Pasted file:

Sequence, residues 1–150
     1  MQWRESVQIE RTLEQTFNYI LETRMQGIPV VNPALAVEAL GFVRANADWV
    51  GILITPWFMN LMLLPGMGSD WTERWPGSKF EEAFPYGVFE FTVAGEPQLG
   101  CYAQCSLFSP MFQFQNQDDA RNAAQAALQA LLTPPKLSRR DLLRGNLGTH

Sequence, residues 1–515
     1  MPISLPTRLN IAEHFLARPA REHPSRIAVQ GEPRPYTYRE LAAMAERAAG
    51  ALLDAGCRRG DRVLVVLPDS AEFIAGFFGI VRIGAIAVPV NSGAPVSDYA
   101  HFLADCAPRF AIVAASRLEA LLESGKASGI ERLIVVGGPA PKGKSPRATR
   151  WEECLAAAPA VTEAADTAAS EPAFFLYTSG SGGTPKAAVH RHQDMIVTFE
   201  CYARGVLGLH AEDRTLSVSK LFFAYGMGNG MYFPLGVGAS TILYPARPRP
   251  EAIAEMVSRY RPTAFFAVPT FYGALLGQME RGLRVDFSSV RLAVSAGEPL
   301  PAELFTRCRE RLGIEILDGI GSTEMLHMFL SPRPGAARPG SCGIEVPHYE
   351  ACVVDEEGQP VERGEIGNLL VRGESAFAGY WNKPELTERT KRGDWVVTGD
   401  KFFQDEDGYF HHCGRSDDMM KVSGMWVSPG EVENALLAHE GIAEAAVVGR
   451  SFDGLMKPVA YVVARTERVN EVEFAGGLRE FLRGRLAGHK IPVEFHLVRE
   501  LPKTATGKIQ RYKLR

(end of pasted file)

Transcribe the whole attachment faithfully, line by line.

Sequence, residues 1–150
     1  MQWRESVQIE RTLEQTFNYI LETRMQGIPV VNPALAVEAL GFVRANADWV
    51  GILITPWFMN LMLLPGMGSD WTERWPGSKF EEAFPYGVFE FTVAGEPQLG
   101  CYAQCSLFSP MFQFQNQDDA RNAAQAALQA LLTPPKLSRR DLLRGNLGTH

Sequence, residues 1–515
     1  MPISLPTRLN IAEHFLARPA REHPSRIAVQ GEPRPYTYRE LAAMAERAAG
    51  ALLDAGCRRG DRVLVVLPDS AEFIAGFFGI VRIGAIAVPV NSGAPVSDYA
   101  HFLADCAPRF AIVAASRLEA LLESGKASGI ERLIVVGGPA PKGKSPRATR
   151  WEECLAAAPA VTEAADTAAS EPAFFLYTSG SGGTPKAAVH RHQDMIVTFE
   201  CYARGVLGLH AEDRTLSVSK LFFAYGMGNG MYFPLGVGAS TILYPARPRP
   251  EAIAEMVSRY RPTAFFAVPT FYGALLGQME RGLRVDFSSV RLAVSAGEPL
   301  PAELFTRCRE RLGIEILDGI GSTEMLHMFL SPRPGAARPG SCGIEVPHYE
   351  ACVVDEEGQP VERGEIGNLL VRGESAFAGY WNKPELTERT KRGDWVVTGD
   401  KFFQDEDGYF HHCGRSDDMM KVSGMWVSPG EVENALLAHE GIAEAAVVGR
   451  SFDGLMKPVA YVVARTERVN EVEFAGGLRE FLRGRLAGHK IPVEFHLVRE
   501  LPKTATGKIQ RYKLR